6 million may lose digital TV reception

Eli Polonsky elipolo@earthlink.net
Tue Feb 12 15:55:48 EST 2008

My mom bought a new DTV last summer. I think it was a
Philips/Magnavox. She didn't even know that it was a
DTV, or anything about it. She just thought she was
replacing her old set. It was on sale for a low price
of under $300 for a 19" model, and I'm guessing that
may be because it has a much more rectangular (closer
to square) screen than any other newer DTV's I've seen
which all have much wider screens. This must have been
an early model that didn't conform to new dimensions.

With the widescreen broadcasts on DTV, this set has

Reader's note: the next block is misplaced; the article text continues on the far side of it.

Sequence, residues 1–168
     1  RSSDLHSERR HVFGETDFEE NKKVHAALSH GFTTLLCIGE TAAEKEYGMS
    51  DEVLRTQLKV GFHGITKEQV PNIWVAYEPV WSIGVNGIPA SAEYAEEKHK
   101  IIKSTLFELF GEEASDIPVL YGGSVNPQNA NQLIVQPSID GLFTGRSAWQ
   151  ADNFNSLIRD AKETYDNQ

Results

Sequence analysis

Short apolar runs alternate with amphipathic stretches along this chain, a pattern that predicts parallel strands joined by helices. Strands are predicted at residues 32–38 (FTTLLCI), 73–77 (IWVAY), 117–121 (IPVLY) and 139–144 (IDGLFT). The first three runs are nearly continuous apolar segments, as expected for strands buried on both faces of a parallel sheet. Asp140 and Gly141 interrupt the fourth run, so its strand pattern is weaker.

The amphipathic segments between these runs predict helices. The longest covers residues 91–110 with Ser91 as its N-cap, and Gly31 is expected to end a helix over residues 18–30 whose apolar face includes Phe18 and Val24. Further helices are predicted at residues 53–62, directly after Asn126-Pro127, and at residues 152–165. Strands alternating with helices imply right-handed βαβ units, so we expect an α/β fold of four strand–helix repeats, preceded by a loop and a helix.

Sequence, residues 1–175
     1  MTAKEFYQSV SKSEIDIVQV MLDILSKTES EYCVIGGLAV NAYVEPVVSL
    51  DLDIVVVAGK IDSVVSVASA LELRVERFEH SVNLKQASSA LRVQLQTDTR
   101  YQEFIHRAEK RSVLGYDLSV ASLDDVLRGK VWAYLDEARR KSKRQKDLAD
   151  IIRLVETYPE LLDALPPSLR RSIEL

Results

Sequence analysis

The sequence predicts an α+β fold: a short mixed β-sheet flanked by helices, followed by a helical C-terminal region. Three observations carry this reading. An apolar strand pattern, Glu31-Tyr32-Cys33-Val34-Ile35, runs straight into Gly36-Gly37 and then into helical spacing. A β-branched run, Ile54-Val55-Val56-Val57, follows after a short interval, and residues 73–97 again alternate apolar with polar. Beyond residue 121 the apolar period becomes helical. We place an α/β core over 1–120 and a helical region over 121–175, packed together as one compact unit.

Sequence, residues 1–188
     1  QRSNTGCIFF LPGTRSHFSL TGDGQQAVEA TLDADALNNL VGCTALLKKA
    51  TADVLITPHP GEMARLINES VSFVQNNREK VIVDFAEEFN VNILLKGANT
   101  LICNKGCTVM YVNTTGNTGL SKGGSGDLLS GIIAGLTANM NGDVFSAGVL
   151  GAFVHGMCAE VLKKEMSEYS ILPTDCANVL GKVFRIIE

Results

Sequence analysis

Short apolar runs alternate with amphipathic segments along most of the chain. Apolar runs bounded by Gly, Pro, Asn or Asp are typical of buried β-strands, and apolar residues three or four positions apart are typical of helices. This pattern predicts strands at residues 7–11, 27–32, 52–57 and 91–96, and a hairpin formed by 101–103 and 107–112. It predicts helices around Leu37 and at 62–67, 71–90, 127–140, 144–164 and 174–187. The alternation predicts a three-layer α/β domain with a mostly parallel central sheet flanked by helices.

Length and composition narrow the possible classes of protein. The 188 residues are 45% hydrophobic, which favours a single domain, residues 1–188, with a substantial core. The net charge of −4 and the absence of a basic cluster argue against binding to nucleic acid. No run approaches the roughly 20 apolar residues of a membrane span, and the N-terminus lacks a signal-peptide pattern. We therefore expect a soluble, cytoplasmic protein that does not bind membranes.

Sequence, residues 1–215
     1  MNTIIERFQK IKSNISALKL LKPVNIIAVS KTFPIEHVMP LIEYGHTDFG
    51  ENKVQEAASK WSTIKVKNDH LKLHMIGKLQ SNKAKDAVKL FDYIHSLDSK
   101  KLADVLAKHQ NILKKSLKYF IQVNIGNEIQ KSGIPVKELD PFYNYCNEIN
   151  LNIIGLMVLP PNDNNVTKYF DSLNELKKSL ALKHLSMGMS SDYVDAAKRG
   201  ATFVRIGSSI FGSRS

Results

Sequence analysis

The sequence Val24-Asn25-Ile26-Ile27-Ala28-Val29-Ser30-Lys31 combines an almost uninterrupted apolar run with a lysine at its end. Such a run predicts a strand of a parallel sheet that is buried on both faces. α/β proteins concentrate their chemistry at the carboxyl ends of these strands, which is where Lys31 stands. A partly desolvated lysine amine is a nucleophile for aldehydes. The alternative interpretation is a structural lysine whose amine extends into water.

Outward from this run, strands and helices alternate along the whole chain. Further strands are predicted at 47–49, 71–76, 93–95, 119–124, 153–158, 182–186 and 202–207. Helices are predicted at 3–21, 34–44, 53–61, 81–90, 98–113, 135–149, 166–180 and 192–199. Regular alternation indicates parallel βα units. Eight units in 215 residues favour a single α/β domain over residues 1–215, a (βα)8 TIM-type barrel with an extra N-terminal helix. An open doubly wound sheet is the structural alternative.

two choices for resolution. The picture can fill the 
screen with at least an inch cut off on either side,
or the entire picture can be seen with black spaces
on the top and bottom. My mom chooses the former. 

Anyway, she asked my brother to set it up, and he knew
nothing about DTV either. He called me up, exclaiming
"This thing has a perfect picture on any channel that
it gets, and it gets two of most of the channels, with 
different programming. It even gets four Channel 44's!" 
I said, "It sounds like our mom bought a digital TV!"

Anyway, on the subject of over the air DTV reception
with rabbit ears, all the stations at 128 come in with
no problem. My mom is in between Newtonville and Newton
Corner, just about four miles from the 128 towers. The
top tower lights can be seen just above the local tree
line outside her window. However, it also gets the DTV
signals from 27 in W. Boylston and 66 in Hudson(?) on
the rabbit ears with minimal tweaking. She's on a second
floor, but not a particularly high ground elevation.


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